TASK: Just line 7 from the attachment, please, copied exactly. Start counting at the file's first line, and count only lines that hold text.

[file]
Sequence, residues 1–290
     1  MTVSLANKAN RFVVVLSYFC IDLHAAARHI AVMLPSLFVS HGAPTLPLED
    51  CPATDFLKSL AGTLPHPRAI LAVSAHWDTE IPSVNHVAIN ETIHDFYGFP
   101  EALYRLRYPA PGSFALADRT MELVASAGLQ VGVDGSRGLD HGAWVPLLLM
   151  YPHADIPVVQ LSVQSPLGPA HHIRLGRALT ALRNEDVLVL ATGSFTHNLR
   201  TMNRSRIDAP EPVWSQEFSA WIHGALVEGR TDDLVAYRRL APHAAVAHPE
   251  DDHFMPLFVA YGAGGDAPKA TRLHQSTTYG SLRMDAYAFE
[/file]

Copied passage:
   251  DDHFMPLFVA YGAGGDAPKA TRLHQSTTYG SLRMDAYAFE